- Walker came close to leaving City but signed a new deal with an improved offer
- He sat down with manager Pep Guardiola to discuss playing time going forward
- Listen to the latest episode of Mail Sport’s podcast ‘It’s All Kicking Off!’
It did look for a while that Kyle Walker was off. Another senior member of Manchester City’s Treble winners who had completed the job and fancied trying something new.
Bayern Munich had been pushing for a while, in conjunction with their pursuit of Harry Kane and the two England stars had spoken about the prospect of joining forces in Bavaria. Kane went, Walker didn’t, but City were perilously close to losing a man who now leads them as captain in the absence of Kevin De Bruyne.
An unlikely captain, in many ways; the armband never felt like his calling. Walker has always been a joker inside the City dressing room but the intervention of his team-mates when Bayern circled shows the regard in which he is held.
The players pleaded with the club’s hierarchy to give him the contract he wanted, in what might be an unprecedented move given footballers don’t always think that broadly about how others can affect their own lives. A new two-year extension, until 2026, is not the done thing for someone who turned 33 a week before the Champions League final he sat on the bench for but Pep Guardiola’s squad contributed to that coming to fruition.
City sources say Walker was merely looking out for himself over the summer in wanting the longest contract possible — and have no problem with that. He has always maintained that it wasn’t about money. City matched Bayern’s proposal and, after talks with Guardiola about gametime over sushi, he committed his future and could end up being the latest star to do almost a decade at the Etihad Stadium.
Kyle Walker is thriving at Manchester City after choosing to stay at the club in the summer transfer window
He was close to joining Bayern Munich but signed a new deal at City after conversations with manager Pep Guardiola (right)
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A good job, really. Guardiola admitted losing the right back would have proven a disaster after the experience of Ilkay Gundogan and Riyad Mahrez left the building. What the City boss probably didn’t expect was how the veteran is arguably playing the best football of his career.
After a gruelling Sunday afternoon in the rain, Marcus Rashford can attest to that. The United winger was regularly done for pace. He had one chance all day, the only time Walker strayed positionally. ‘Our defenders were really close to their attackers, and we didn’t let them break through,’ Bernardo Silva said. Rashford looked suffocated and it’s little wonder others around the league say City’s No 2 is the toughest marker in the country.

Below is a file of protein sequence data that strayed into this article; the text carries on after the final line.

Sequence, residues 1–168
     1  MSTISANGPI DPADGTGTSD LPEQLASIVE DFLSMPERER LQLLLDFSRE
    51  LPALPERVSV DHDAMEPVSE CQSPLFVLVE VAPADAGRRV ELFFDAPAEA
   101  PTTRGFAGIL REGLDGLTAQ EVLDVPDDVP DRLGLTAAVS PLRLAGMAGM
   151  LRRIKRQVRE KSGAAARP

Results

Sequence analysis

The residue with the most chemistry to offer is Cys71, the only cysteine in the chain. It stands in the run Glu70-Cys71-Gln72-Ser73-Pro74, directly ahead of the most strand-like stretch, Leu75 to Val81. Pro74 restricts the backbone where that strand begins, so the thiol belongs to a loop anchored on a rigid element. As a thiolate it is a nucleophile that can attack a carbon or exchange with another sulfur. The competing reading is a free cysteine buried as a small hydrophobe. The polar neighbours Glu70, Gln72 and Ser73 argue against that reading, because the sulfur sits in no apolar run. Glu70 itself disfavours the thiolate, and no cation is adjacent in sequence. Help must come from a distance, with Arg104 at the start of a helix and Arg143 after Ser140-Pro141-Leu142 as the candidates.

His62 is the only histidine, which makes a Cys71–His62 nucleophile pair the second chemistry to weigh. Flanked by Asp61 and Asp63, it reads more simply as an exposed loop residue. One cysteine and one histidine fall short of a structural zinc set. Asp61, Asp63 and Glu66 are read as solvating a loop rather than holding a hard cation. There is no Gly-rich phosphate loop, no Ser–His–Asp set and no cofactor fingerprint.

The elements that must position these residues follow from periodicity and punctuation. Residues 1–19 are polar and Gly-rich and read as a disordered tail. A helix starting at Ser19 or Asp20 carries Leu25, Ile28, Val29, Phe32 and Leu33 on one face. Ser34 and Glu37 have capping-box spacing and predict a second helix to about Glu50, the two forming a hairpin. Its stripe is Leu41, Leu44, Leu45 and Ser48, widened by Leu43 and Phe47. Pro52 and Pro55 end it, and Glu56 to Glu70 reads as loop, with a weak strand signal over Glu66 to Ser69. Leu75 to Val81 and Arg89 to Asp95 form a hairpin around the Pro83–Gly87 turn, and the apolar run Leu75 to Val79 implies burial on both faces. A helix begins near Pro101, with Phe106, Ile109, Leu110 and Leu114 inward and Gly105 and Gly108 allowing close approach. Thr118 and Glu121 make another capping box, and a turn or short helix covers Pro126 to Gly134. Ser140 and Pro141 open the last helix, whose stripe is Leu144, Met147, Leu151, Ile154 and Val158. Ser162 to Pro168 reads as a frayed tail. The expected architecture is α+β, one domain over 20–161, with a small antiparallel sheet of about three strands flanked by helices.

Other than Rodri, no player on the Old Trafford pitch enjoyed more touches than Walker. Touches aren’t everything — Erling Haaland recorded the fewest of anyone to play 90 minutes and ended up with a brace — but it indicates the level of responsibility the full back has in City’s build-up play. Twelve per cent of his 90 touches were around the centre circle, an area he still likes — even with John Stones now in permanent residence. A more rounded defender than he is given credit for, with praise usually focused on his enduring speed down the wing.
Walker, whose very public off-field misdemeanours continued this year when he was caught exposing himself in a Cheshire bar, is currently playing with a clear head. There could be an element of walking out first every week offering him extra purpose.
Walker has stepped up as City captain in the absent of Kevin de Bruyne and lifted the Super Cup in August
Walker said that captains have to work out how their teams can ‘get better’, which City ‘are doing each year’
Sources say he has developed a calm and commanding voice within the five-man leadership group, relishing the chance to pass on his wisdom. And he’ll stick it to others when needed, as with ex-coach Nicolas Jover on the touchline following the defeat by Arsenal a few weeks back.
It’s a role he has grown into — taking bits from former skippers Vincent Kompany and Ledley King — and is thriving. He spent the first week of the season telling the players that they hadn’t won any of the last three Premier League titles well enough. A hard man to please.
‘Us captains have got to demand that,’ Walker said. ‘We’ve set the bar and each year it’s: how do you get better? How do we get better? We seem to be doing that each year.
‘We’ve probably gone to the top of the top where, to stay there, there is only down because are we going to go and win a Treble again? Who knows? You know, we could do.’
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